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Published: June 10th 2017
Geo: -15.1305, 25.7849
Early Sunday morning was chilly in the still dark of 5AM. I thought about getting up, but it felt almost cold outside of the blankets. So I stayed in the warm bed under the snug duvet for another hour until it became impossible to lie there any longer. During the night I had heard a crashing through the bushes immediately beside my cabin, followed by a large splash into the river --only a few feet away; a hippo had brushed right by! Even though I am usually an avid night-walker in the woods, and routinely use a red cover for my flashlight so as not to disturb wildlife or anyone's night vision, no one at OAT had mentioned bringing along a red cover for our flashlights. So, with only a relatively powerful small LED flashlight at hand, I certainly did not want to look outside my cabin or in any way possibly disturb this most dangerous beast, so I stayed in bed, listening. No more hippos passed by.
And on Saturday as I was walking up to high tea (yes, we are served high tea each afternoon in the bush, in the wilderness of Africa), I was stopped in my tracks (literally, although the morning's mud was drying out), by two warthogs grazing by the steps of a neighbor's cabin. Trying to remember what our guides said to do in such a confrontation, I stood there watching them as they observed me, knowing that I couldn't outrun them, and that warthogs have big, sharp, pointy tusks. Remembering once when our family was hiking near Tucson, Arizona, in vast, dry canyons, I had seen the tracks of javelinas, highly dangerous animals and relatives of warthogs. Back then I had insisted that my family make a hasty retreat, and find somewhere else to hike. And so we did. But here I was, alone, maybe only an eighth of a mile from the main hall, but 7 or 8 feet away from two warthogs. I didn't run, but backed up slowly, and walked seemingly calmly back to my cabin, thinking that our group (of humans) in the hall would just think I did not want to participate in the afternoon's activity, so no one would come to check on my whereabouts. This situation was mine to deal with on my own. And I was also fervently hoping that the warthogs wouldn't follow me. The dilemma was resolved by the warthogs; they walked past my cabin, heading towards one further along the path, so, slowly and carefully, looking back frequently, I made my way very quietly to the main hall. Safety! My heart was beating very fast, but potential danger had been averted. I would try to stay with other people after this. Perhaps there is safely in numbers, especially in the bush.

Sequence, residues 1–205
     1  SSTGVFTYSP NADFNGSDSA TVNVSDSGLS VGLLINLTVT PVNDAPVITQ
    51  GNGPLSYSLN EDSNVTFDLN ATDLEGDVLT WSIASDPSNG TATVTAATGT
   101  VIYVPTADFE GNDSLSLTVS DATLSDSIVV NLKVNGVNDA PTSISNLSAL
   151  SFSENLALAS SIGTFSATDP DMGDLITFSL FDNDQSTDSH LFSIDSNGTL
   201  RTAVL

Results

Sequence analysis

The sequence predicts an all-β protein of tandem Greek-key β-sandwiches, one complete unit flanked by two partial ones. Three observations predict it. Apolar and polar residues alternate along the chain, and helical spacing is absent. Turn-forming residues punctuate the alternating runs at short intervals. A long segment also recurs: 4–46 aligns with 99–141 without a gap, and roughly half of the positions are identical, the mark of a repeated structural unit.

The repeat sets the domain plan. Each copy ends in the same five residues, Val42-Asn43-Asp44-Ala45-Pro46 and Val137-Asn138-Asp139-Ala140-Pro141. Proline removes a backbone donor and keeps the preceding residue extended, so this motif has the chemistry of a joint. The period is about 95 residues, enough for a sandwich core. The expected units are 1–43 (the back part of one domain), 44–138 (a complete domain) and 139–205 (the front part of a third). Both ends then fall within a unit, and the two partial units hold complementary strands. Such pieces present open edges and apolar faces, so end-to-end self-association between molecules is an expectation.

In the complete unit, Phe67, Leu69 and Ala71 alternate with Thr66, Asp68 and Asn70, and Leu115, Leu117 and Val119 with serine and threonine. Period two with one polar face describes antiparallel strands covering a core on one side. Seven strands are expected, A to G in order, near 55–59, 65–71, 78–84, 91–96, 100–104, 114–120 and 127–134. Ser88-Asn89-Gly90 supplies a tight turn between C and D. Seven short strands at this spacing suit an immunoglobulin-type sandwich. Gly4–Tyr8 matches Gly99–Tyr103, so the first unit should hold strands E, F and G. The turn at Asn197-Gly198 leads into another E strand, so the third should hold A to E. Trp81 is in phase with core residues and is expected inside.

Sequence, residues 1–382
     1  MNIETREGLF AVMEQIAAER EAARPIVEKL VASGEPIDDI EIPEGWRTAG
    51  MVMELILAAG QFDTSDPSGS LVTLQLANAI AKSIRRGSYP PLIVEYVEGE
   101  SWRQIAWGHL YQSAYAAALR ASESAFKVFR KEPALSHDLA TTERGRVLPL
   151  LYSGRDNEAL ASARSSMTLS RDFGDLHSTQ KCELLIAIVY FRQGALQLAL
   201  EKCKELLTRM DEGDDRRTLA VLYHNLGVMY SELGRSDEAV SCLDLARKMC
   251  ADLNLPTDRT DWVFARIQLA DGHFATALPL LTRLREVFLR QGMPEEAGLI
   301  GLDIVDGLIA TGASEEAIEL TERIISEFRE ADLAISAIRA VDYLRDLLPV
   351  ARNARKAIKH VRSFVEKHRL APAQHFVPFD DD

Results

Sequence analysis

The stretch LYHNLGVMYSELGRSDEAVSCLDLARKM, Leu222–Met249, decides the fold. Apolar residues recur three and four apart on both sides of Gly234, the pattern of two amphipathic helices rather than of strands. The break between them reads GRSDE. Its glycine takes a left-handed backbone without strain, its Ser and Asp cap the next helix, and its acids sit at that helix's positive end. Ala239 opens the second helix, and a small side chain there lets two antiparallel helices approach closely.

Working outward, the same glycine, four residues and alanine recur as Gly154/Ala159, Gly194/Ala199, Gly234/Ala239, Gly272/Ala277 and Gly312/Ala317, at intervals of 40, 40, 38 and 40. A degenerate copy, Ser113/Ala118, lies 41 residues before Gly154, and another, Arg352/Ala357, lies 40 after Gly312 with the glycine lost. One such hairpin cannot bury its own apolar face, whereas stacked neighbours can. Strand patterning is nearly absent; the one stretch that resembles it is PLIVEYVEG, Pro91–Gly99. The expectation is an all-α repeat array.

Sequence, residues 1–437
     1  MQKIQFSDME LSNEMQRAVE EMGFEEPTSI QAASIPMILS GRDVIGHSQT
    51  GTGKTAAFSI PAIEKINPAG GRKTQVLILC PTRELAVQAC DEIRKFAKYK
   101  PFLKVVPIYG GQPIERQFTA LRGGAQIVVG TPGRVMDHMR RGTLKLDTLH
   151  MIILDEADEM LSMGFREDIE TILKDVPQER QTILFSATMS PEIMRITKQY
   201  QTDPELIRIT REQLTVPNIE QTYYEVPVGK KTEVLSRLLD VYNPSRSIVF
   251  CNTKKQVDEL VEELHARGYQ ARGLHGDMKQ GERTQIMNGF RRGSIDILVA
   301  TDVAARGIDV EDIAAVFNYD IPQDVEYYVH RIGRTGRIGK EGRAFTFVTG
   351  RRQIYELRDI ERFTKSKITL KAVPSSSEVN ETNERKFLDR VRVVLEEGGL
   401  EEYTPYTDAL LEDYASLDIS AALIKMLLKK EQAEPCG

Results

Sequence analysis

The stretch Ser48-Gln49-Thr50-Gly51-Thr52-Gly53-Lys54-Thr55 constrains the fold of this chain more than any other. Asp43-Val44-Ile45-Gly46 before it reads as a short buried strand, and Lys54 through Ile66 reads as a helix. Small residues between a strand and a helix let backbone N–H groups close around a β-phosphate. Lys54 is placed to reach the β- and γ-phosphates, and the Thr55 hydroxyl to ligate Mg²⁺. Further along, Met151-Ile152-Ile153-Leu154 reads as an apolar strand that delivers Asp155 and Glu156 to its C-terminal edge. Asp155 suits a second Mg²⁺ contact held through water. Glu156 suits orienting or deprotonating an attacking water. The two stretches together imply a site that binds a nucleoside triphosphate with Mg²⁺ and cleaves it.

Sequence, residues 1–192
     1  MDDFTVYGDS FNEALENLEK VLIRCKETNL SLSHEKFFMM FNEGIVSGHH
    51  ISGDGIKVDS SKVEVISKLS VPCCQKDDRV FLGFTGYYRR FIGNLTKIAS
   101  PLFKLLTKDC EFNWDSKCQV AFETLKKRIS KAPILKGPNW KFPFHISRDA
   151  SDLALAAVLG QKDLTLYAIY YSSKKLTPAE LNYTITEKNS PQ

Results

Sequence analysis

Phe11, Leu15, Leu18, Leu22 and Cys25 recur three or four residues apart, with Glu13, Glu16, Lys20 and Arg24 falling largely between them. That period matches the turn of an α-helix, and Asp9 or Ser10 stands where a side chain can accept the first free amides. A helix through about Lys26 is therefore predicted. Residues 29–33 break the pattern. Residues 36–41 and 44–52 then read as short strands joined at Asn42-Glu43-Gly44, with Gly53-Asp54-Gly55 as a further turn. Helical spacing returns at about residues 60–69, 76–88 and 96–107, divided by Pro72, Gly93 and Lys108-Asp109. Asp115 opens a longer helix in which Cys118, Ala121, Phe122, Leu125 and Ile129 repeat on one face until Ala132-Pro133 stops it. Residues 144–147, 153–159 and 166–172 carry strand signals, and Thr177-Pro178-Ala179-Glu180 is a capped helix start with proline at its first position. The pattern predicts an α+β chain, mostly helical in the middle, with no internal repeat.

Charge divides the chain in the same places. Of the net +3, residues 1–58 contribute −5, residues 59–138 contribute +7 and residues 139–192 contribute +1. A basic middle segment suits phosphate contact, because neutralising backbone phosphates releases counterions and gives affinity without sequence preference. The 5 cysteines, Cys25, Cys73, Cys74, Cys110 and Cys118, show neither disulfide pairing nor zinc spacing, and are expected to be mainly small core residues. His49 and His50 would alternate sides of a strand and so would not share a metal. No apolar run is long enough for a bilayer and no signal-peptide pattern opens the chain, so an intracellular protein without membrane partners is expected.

One's reaction to perceived danger is elemental. Some of us retreat into ourselves, quietly thinking of how to handle the situation, what our options are or might be; others may react by screaming or running away; some freeze, and others react by trying to harm or kill the threatening animal or person. Not since I was five years old and ran away from a dog that was chasing me, even though my father was calling, telling me not to run (and saved me by picking me up, out of the reach of those dangerous teeth), have I reacted in such a precipitous manner. A quick escape is not always the best answer.
When I told friends and our guides what had happened they said that these two warthogs were frequent residents of Lufupa Camp; their names were Lulu and George. They would not bother anyone as long as someone was not blocking their path, so I could have simply continued on my way when I saw them. But now knowing this at the time, apparently I did the exactly right thing. Still, after hearing hippos and lions and other unidentifiable wild animals closeby in the night, it is strange to think that wild warthogs might be expected and welcomed residents at our beautiful camp. To me it was still a close call.
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